“Because I know that it’s a political game and they’re using me to gain popularity.” This, she acknowledges, applies to both those politicians supportive of her agenda and her most vocal detractors. “Whether it is by applauding me or taking selfies with me, or whether it is by calling me…” – she pauses, then settles for the higher ground – “things, or criticising me. I mean, both these teams are using me for different purposes and in different ways, but they are still using me to gain popularity.”
In last year’s feature-length documentary, I Am Greta (currently available on BBC iPlayer) and in the new BBC series, it becomes clear just how often Thunberg is stopped and asked for selfies. Does she mind it?
“I would maybe be happy if they didn’t do that,” she says, sweetly. “But of course, I also recognise that the fact that they are doing it is proof that the message is getting across, that I am reaching people. You have to see it from the bright side.” Besides, at home in Sweden, it doesn’t happen much, owing to the cultural phenomenon of Jantelagen. “The Law of Jante, you will translate it to. It’s like, ‘OK, so what, you’re famous, I don’t really care.’ Which is quite nice.”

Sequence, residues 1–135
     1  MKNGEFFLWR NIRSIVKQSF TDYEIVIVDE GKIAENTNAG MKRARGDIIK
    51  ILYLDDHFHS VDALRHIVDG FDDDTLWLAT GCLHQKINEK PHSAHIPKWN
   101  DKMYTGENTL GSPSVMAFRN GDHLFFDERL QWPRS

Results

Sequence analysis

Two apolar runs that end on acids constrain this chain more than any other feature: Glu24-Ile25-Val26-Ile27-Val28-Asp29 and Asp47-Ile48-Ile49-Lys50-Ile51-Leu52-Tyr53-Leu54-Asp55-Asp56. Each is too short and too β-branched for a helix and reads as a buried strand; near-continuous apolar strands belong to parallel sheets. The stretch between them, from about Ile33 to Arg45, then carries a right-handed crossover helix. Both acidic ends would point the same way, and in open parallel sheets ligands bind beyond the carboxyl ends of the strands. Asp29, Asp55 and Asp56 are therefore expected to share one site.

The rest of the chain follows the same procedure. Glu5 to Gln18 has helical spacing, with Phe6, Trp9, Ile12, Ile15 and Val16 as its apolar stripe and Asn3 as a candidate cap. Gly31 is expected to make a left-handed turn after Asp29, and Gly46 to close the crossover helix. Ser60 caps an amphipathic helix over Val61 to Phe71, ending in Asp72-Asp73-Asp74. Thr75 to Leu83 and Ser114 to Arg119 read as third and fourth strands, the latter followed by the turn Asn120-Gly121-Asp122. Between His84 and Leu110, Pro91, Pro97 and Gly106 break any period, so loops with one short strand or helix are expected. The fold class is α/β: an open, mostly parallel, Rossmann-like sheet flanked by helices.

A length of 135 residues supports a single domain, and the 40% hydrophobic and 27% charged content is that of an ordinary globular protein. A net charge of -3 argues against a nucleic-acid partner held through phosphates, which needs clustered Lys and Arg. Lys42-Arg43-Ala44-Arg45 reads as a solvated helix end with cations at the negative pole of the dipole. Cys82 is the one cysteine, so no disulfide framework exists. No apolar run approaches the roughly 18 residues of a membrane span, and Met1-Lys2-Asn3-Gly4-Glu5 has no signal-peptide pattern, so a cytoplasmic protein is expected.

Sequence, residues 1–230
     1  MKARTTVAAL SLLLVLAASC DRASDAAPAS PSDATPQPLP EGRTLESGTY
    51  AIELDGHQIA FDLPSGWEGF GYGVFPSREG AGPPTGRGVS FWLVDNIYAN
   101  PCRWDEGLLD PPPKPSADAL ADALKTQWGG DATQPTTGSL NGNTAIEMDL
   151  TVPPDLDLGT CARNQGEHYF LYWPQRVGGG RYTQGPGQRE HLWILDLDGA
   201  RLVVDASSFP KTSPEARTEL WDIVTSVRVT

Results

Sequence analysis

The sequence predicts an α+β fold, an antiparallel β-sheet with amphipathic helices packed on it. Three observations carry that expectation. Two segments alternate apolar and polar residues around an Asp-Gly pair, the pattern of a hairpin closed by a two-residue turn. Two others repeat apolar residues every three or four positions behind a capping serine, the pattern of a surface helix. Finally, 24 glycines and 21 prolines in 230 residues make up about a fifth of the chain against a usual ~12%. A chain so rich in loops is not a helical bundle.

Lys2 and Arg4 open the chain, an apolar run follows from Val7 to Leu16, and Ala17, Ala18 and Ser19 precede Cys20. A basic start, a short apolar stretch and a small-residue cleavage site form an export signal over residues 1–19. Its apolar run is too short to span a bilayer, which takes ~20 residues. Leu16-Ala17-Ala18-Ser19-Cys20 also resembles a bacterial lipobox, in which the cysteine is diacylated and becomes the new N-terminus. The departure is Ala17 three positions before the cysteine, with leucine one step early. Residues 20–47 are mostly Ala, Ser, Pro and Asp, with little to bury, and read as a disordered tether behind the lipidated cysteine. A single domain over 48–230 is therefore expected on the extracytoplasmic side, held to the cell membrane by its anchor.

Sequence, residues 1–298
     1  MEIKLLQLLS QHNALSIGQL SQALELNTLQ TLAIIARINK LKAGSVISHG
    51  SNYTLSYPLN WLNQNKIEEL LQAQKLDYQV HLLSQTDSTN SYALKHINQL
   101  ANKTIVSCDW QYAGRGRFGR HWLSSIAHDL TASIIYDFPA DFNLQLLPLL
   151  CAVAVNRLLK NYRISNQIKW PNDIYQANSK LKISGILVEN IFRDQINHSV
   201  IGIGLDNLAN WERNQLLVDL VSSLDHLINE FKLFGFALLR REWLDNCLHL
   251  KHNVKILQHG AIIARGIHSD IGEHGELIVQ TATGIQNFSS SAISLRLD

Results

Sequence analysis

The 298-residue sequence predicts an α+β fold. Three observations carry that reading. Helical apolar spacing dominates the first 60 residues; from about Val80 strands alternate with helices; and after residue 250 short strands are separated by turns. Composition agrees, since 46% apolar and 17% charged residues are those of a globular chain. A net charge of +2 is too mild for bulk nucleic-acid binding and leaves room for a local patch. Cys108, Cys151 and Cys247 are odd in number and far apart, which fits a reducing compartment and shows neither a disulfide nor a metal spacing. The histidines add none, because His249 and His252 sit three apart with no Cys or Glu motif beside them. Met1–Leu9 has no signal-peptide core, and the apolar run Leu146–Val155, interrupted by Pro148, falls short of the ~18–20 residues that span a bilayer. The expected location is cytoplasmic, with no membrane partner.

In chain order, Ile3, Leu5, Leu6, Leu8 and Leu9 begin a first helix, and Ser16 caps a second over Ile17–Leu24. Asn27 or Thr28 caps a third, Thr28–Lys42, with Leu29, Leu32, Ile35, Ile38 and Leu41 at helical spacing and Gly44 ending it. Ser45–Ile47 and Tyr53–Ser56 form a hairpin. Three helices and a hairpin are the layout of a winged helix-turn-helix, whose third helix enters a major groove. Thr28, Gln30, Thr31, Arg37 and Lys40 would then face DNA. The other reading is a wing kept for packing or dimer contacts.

Thunberg was diagnosed with Asperger’s syndrome when she was 12. On Autism Awareness Day, on 2nd April, she wrote a Twitter thread calling for more awareness of autism and support for those with the condition, and said how proud she is that she is different.
When she became famous, she frequently found herself in big, noisy crowds, being jostled, pushed and shouted at. These sorts of environments did become easier for her to handle over time, she says.
“That’s also a very beautiful and important part of the story itself. Before, I wasn’t able to speak to anyone. Going outside was hard. I was in a class of five people in school, because I couldn’t be around too many people and I couldn’t handle the noise.”
When she became a climate activist, everything changed.
“All that basically disappeared overnight. Because I was given a meaning and a purpose. And that just made me feel much better. I had more resistance to withstand the situation, which is a very good thing. But then again, I’m still very different. I am not like everyone else. It’s still much harder for me than for others to be in these environments.